Saturday, January 28, 2012

Things I adore

I’m taking a break from studying International relations to blog. The first time posting in a long while I might add. Today I want to focus on some of my favorite things. I am starting to develop a little collection of cameras.

 As you can see in the first photo my cat wants nothing to do with posing for my pictures. This is a portion of my camera collection. 

On the right is my lot of Polaroid cameras. I have many 600 series cameras. 

To the left is a photograph of my Polaroid Land Camera j66. It no longer has and film that is compatible with this camera. Polaroid no longer sells instant film. The j66 can however be modified from a roll film format to a pack fill (type 600). I will not do so because the process leaves the camera in a less attractive state. 

My four Polaroid 600 series cameras are all in good condition. A new development in the instant film community has been the new company called the Impossible Project. On my wish list is the px 600 silver shade. Rad shit! 

On another note I would love a sx-70 or land camera 100 type. If you have an extra I would gladly take it off your hands. 

A gift from my girl
Known as the brick, the Argus C3 is arguably one of the most used cameras of all time. 35mm film is loaded in a back panel. The camera received its  nicknamed the "brick" due to it's shape, size, and weight. It has a simple diagrammed shuter and uses a built in range finder that doesn't focus the lens. The body is made og Bakelite and metal. Considered an slr, this camera can easily switch lenses. Tony Vaccaro is arguably one of the most famous C3 photographers. He used the medium to show life during war as a G.I. who landed on the beaches of Normandy and a G.I. stationed in Germany after WWII.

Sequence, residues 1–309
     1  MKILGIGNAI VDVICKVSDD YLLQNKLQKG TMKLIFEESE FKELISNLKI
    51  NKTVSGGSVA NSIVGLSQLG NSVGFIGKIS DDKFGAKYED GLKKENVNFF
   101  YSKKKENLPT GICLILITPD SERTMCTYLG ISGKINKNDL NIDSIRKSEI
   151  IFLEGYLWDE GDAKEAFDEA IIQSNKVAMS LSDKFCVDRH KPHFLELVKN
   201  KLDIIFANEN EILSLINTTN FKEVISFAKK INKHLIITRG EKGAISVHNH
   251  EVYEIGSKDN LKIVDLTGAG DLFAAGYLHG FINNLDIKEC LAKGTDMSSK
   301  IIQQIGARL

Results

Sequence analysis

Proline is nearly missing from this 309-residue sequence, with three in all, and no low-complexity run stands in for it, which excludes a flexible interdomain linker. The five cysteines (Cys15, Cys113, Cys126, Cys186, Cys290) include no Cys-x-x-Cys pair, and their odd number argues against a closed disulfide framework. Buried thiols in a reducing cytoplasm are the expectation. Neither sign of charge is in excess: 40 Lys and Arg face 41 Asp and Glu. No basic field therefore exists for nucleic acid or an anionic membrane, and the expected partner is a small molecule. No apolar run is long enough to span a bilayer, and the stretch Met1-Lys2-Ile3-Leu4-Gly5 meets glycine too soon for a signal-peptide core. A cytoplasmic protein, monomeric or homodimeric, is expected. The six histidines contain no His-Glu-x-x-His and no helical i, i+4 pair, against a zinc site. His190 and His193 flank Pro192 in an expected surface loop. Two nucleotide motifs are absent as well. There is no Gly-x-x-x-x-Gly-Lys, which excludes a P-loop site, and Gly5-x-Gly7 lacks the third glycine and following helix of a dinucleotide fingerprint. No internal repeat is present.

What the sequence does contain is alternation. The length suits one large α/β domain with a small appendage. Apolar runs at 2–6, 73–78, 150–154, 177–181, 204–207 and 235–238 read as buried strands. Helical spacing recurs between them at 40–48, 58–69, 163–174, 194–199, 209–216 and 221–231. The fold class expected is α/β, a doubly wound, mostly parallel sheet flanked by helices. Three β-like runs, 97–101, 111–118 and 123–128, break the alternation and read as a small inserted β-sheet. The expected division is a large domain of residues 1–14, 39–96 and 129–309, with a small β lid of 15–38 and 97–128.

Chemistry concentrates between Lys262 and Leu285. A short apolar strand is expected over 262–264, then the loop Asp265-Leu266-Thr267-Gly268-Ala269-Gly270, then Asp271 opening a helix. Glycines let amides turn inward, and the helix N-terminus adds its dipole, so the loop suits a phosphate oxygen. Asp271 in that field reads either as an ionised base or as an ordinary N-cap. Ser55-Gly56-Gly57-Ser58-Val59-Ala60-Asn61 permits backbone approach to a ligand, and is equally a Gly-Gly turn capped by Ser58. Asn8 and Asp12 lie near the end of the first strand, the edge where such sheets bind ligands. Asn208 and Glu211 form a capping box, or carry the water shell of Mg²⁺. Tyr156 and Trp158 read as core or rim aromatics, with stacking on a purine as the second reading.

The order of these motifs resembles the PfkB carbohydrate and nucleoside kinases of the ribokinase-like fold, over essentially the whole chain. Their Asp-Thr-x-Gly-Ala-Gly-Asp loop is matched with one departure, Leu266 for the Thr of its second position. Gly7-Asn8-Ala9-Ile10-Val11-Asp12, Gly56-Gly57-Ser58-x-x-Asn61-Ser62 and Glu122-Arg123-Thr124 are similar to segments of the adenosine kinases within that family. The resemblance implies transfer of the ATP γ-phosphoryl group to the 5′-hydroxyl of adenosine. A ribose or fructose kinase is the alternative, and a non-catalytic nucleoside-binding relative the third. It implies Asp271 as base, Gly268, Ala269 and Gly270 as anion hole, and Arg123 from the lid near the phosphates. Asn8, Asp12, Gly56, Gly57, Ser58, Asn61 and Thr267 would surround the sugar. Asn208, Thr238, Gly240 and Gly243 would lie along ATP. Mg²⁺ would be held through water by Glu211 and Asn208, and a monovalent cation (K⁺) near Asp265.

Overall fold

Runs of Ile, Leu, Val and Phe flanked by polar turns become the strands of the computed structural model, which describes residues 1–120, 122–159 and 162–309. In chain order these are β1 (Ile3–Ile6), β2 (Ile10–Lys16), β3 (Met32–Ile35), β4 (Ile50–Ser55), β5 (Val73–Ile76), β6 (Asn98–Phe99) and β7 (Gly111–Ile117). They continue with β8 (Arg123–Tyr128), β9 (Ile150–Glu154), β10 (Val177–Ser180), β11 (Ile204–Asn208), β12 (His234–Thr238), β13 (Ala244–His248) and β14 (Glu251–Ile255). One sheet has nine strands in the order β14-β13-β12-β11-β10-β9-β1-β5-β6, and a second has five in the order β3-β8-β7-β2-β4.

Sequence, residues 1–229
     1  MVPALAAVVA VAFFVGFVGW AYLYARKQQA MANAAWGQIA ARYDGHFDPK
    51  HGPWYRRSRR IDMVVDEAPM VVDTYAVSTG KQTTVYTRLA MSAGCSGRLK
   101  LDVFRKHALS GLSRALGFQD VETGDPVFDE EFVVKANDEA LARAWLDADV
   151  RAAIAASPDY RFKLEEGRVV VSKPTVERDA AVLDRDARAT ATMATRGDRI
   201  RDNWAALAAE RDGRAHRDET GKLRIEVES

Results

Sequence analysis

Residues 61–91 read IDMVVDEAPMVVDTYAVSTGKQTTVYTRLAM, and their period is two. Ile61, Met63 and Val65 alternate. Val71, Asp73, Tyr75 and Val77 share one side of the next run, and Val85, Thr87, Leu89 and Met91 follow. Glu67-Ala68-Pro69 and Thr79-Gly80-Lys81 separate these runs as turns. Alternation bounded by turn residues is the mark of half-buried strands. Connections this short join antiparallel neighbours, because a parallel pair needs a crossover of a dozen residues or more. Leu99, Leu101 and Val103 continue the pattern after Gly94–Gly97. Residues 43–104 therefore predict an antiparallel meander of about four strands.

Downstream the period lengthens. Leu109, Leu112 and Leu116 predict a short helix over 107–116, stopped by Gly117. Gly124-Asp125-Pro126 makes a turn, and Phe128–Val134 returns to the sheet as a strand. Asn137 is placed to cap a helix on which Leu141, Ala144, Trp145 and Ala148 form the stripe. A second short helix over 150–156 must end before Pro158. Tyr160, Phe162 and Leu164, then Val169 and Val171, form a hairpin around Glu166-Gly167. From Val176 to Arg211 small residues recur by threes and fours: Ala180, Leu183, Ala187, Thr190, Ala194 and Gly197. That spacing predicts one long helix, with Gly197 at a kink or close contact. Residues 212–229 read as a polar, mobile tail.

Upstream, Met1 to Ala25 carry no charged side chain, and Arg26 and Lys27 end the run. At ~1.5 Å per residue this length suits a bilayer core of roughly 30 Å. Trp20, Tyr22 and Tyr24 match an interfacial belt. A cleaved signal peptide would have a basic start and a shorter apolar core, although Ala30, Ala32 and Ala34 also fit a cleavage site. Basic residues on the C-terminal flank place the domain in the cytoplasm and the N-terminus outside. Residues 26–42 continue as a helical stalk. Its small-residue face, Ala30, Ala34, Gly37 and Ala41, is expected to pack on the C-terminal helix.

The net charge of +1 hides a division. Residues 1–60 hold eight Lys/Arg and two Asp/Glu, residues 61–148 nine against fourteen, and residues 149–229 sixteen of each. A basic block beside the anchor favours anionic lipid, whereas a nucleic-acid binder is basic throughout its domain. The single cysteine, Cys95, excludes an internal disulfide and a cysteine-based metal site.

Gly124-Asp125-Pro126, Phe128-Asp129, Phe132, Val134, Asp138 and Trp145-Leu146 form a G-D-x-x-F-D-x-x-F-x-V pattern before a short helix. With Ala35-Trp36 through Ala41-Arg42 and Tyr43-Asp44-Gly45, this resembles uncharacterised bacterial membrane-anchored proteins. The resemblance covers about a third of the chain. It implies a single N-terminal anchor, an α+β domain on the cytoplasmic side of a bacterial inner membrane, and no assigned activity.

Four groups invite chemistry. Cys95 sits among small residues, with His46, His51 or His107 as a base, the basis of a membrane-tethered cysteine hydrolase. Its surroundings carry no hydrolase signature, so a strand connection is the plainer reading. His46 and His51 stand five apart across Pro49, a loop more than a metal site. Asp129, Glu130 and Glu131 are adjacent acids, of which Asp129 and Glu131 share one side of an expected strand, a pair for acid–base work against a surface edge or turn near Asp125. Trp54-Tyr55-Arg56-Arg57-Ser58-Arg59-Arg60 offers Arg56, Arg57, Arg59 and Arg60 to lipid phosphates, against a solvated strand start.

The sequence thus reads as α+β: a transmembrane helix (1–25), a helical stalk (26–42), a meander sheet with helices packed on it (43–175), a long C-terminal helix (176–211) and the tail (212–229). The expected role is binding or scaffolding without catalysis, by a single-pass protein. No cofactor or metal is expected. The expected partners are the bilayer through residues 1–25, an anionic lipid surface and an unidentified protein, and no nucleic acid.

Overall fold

Tony Vaccaro shows the pain a solider faces after returning home from war. Not only has his country seen defeat, but his home has been destroyed by battle. 

The Fotron (left) was manufactured by the Traid company. The camera was sold door to door and marketed toward homemakers. Price range: $150-$500. The camera featured a rechargeable and used 828  film that had to be sent back processing. 

Here is a fun camera. The IQzoom by pentax(right) has an auto flash, uses 35mm film, has macro shot capability, and zoom. This camera has been dropped at some point so focusing while zooming is hard to do to say the least. 

The Girl's dad recently sent me a Bell&Howell camcorder.While its a motion camera it still looks cool on my camera shelves. It uses the still available super 8 film. It features no sound. Made in japan. That's all i know about it. I have not had the chance to use it. even if i did, I don't have a projector and it has no playback capability. I am thinking that i might be able to convert it into a cool point and shoot 35mm camera. 

Thanks for reading my blog. I hope you come back soon!,

P.s. as much as I love my cameras I simply cannot compete with the collection shown on ClasiCameras. I enjoy reading this blog a lot and I am sure you will too if you like reading about cameras of many types. 

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